The scientific debate is over: it is time to act on climate change

Credit: IPCC

The facts of climate change

At this point in time, the basic facts of climate change are not disputable in the least. Careful planet-wide observations by NASA and others have confirmed that 2018 was the fourth-warmest year in recorded history. The only warmer years were 2016, 2017 and 2015, respectively, and 18 of the 19 warmest years in history have occurred since 2001. Countless observational studies and supercomputer simulations have confirmed both the fact of warming and the conclusion that this warming is principally due to human activity. These studies and computations have been scrutinized in great detail by a climate science community numbering in the thousands, representing all major nations, as summarized in the latest report by the Intergovernmental Panel on Climate Change (IPCC).

Debunking climate change myths

Climate change skeptics continue to raise objections, claiming that there is “scientific evidence” that this mainstream consensus on climate change is wrong. But these objections have been debunked many times. Here are some examples:

  1. Climate change is just part of the natural cycle. Rejoinder: Yes, the geologic and paleontological record confirms numerous climate changes in the past. But the changes of the past 150 years, coinciding with the industrial revolution and huge increases in carbon emissions, exceeds that of the past five million years. See also this Scientific American article.
  2. Changes are due to sunspots or galactic cosmic rays. Rejoinder: Scientists who have carefully monitored the sun for at least the past 20 years have seen no significant upward trend. Besides, such effects would be seen in the high atmosphere, whereas observed climate change effects are seen in the lower atmosphere. See also this Carbon Brief article.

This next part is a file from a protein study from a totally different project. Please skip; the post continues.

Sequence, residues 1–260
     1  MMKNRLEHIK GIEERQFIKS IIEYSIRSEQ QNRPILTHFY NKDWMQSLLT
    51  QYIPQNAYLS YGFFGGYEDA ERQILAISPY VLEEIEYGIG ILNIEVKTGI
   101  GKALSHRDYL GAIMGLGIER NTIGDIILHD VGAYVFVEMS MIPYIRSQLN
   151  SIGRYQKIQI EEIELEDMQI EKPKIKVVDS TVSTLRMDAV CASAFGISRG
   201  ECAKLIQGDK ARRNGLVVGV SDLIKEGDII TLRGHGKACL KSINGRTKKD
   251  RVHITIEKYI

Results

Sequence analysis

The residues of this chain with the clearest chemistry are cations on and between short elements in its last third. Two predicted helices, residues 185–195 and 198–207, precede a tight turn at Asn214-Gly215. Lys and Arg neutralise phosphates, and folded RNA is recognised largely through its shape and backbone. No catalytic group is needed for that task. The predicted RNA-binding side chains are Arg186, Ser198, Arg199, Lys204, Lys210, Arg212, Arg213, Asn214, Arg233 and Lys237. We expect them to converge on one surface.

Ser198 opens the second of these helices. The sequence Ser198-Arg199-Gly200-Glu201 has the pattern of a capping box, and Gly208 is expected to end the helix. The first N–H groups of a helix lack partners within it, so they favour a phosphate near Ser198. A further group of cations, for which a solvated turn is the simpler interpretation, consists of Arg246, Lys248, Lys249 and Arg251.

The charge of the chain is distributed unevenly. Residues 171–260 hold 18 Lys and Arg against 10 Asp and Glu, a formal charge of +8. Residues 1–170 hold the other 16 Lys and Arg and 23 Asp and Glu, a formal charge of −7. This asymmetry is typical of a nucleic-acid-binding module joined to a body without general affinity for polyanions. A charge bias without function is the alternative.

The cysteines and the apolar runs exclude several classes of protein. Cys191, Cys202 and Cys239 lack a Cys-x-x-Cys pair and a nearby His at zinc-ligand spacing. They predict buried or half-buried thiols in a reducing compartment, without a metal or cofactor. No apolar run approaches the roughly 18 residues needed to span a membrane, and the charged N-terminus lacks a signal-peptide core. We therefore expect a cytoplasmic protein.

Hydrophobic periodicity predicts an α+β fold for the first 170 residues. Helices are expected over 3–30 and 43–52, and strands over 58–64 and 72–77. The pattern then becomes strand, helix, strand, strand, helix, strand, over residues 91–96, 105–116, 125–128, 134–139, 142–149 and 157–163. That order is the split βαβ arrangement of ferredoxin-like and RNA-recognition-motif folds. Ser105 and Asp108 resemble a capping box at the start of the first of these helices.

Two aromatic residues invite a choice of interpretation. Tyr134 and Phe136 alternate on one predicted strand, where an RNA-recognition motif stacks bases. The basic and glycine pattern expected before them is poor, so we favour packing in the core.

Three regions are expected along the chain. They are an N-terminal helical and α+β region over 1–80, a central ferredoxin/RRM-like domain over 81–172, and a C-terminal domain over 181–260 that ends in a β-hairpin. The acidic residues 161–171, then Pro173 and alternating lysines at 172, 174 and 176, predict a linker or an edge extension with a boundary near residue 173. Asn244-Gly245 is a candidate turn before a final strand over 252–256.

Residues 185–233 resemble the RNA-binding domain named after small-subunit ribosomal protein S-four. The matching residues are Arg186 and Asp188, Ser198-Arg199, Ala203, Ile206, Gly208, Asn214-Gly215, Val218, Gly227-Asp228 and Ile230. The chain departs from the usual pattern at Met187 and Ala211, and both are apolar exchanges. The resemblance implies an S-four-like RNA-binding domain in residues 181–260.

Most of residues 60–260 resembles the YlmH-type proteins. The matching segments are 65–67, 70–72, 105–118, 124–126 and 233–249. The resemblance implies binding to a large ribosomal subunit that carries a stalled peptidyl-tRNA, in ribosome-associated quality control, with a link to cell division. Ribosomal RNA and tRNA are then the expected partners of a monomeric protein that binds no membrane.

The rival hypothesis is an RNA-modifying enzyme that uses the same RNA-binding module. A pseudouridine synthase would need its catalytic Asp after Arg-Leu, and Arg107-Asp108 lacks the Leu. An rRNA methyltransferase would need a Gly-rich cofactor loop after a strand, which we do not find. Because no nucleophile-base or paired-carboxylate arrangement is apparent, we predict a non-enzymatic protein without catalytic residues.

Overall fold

3. CO2 is a small part of the atmosphere, so it can’t have a large heating effect. Rejoinder: The fact that CO2 results in a greenhouse warming effect has been known since 1856, and countless experimental analyses since then have confirmed heating even with only very small concentrations.
  4. Scientists manipulate datasets to show a warming trend. Rejoinder: Yes, scientists adjust data, as in all experimental studies, but these adjustments are performed based on very well-understood effects, and are open to the scrutiny of peers.
  5. Climate models are unreliable and too sensitive to carbon dioxide. Rejoinder Climate models are extremely sophisticated computer programs, running on some of the world’s most powerful supercomputers, and based on massive experimental datasets. These models have been produced by numerous independent international teams, which rigorously critique each other’s work, in an ongoing process of peer review. All of the latest models consistently now predict significant long-term global warming. See for example the Community Earth System Model website.

A climate skeptic changed his mind

Along this line, it is worth pointing out that some previous climate skeptics have changed their mind. For example, in a remarkable New York Times Op-Ed, former climate change skeptic Richard Muller of the University of California, Berkeley, declared not only that global warming is real, but also that “humans are almost entirely the cause.”

Muller’s Berkeley Earth group approached the problem by rigorously analyzing historic temperature reports. As he described their efforts,

We carefully studied issues raised by skeptics: biases from urban heating (we duplicated our results using rural data alone), from data selection (prior groups selected fewer than 20 percent of the available temperature stations; we used virtually 100 percent), from poor station quality (we separately analyzed good stations and poor ones) and from human intervention and data adjustment (our work is completely automated and hands-off). In our papers we demonstrate that none of these potentially troublesome effects unduly biased our conclusions.